• Any combination of the above. This last one is one that we like the best. You see, you might be doing your prep and firing where you are just on the edge of having devit occur but not quite. Then, some minor anomaly occurs (you peek in the kiln because you are just too nosy and impatient thereby usurping the firing schedule, or you missed a fingerprint, etc). One change might have not been an issue, but the two together might have.

So Mikey you ponder, now that I know how to avoid devitrification, how do I fix the piece I made yesterday?
One way of repairing devit involves is by removing the top skin of the glass. Sandblasting, grinding, acid etching- all labour intensive and for most our applications, a little too involved. There is a simpler and equally effective solution and that is to use some sort of top coat to coat your work and thereby 'glazing out' the devitrification. Zenia’s preferred way is to spray coat a thin layer of Spray A (or Borax or other overspray- remember, some may not be food safe as they may contain lead) using a mouth atomizer, and then refiring. Easy, uncomplicated and virtually 100 percent successful. And that's what we did to fix this piece-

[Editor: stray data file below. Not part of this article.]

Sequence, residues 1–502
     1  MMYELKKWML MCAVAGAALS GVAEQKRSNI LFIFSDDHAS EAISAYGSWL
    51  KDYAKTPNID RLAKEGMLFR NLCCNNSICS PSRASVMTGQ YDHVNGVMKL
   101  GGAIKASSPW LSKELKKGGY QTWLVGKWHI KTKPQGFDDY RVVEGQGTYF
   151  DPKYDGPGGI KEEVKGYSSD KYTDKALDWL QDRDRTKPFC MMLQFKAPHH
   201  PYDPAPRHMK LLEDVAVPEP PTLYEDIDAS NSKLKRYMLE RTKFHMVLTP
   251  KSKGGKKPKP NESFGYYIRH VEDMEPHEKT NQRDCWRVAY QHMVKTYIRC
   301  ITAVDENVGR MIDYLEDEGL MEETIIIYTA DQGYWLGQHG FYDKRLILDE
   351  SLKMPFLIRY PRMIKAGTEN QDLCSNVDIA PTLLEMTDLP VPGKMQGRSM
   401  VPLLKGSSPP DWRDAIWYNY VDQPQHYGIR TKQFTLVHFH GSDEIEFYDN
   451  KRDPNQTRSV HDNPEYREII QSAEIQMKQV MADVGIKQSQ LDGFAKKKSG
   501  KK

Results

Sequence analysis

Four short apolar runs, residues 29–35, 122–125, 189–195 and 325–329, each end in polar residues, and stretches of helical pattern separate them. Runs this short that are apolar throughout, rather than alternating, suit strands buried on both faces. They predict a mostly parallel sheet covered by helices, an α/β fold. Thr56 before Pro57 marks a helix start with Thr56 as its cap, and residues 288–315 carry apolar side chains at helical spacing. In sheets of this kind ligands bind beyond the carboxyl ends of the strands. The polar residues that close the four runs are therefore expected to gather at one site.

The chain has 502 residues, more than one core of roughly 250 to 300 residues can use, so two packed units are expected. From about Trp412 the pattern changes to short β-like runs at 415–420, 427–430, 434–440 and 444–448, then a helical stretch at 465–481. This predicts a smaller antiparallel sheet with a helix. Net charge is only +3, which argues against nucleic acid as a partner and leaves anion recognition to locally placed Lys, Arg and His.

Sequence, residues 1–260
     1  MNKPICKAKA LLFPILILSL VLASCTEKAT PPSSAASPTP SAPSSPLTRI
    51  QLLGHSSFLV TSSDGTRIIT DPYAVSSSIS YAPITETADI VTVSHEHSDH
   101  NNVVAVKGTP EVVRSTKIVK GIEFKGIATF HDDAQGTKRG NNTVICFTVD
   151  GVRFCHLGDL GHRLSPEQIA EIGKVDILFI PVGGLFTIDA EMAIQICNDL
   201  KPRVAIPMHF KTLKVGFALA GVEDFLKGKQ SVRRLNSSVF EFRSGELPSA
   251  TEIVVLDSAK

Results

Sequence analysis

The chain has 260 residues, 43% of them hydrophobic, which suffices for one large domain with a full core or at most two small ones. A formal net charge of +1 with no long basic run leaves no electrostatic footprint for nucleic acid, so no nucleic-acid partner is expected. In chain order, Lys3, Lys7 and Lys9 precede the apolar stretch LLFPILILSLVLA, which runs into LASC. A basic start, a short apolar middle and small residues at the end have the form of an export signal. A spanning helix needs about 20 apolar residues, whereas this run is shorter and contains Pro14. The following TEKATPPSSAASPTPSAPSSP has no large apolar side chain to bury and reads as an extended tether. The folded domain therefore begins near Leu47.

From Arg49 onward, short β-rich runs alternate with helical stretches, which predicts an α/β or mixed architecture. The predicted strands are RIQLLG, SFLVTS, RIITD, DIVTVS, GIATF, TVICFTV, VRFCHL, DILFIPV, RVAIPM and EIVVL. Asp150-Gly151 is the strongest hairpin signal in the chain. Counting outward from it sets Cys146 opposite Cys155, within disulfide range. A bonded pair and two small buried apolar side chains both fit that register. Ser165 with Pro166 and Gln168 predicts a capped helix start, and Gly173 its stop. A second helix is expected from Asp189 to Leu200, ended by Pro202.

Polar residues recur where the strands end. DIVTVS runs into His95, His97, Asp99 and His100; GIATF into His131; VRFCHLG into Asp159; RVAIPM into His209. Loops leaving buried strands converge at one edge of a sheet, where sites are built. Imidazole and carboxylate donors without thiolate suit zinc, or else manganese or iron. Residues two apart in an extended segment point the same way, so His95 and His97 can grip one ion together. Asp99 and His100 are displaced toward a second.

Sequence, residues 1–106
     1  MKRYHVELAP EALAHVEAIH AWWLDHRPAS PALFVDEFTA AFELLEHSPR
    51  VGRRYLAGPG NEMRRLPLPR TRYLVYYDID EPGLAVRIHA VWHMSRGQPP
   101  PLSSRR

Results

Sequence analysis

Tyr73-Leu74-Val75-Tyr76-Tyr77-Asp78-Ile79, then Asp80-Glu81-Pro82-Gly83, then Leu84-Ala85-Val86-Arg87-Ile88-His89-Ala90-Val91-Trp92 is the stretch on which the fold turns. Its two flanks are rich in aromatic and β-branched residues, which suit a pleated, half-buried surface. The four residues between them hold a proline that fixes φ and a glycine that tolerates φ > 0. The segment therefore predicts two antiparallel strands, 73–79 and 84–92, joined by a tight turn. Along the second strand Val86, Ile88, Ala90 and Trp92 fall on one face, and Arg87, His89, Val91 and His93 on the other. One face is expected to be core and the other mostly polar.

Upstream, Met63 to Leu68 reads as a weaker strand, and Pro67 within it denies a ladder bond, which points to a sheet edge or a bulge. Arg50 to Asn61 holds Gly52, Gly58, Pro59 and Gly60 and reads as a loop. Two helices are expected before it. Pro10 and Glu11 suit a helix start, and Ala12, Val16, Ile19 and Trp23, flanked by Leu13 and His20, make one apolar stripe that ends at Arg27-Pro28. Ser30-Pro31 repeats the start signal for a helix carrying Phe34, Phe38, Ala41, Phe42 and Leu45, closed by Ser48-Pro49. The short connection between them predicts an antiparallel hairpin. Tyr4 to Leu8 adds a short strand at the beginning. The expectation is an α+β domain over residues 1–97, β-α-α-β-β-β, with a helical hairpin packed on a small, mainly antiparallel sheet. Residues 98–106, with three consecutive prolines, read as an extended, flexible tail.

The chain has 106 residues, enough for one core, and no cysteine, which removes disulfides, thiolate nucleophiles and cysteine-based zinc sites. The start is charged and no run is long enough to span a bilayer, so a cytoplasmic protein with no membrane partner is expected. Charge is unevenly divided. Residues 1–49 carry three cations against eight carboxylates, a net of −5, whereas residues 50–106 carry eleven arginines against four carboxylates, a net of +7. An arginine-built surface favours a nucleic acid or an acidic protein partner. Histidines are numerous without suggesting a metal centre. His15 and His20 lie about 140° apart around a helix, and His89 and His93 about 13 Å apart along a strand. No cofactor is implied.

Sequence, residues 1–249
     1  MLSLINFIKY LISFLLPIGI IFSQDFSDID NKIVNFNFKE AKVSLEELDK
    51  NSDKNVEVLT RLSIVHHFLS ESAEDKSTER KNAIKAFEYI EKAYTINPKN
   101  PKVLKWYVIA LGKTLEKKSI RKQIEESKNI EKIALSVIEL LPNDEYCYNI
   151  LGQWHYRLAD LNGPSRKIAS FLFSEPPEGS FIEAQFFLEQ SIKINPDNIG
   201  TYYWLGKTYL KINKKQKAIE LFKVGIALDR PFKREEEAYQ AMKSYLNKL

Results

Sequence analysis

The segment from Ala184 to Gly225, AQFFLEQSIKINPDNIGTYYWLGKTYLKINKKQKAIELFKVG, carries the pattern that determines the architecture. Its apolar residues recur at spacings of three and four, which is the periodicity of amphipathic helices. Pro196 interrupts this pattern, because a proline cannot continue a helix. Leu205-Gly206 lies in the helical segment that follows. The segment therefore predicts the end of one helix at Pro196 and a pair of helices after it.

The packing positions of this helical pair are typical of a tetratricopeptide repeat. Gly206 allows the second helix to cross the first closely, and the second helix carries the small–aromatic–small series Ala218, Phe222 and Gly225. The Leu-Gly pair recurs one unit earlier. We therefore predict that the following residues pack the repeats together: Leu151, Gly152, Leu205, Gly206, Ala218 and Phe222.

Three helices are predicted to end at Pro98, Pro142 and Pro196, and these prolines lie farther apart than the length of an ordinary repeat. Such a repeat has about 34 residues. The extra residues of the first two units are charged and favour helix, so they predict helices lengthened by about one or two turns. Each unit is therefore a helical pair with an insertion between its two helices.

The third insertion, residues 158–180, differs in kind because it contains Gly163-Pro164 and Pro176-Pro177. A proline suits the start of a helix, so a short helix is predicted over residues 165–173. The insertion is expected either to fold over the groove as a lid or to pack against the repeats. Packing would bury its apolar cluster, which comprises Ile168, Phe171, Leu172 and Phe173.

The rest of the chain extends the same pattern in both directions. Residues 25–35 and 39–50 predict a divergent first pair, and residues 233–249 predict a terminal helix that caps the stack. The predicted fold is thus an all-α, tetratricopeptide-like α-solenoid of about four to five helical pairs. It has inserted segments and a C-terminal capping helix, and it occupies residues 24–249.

In closing, keep in mind that it is more preferable to avoid devit to begin with than it is to have to deal with it after...

Monday, 12 August 2013

An Industry Update


In the fallout of the failing of our one and only Canadian distributor, several months later we still all sit here without one. 
No one. Nadda. 
While we can only speculate as to how the competition is doing, we have been relatively unaffected. You see, we always sourced out most of our goods from elsewhere. Coming the first week of September-
- lead and zinc cames including the popular Hobby Lead (strips and rolls)
- more Spectrum artglass and fusible glass including their newest colours (such as some stunning new Fusers' Reserve) as well as some great pricing on their Crystal Clear fusible, their new economy priced Clear Ice, and tons of black and white fusible.
- more Youghiogheny including the very popular and well priced 8" x 10" sale pieces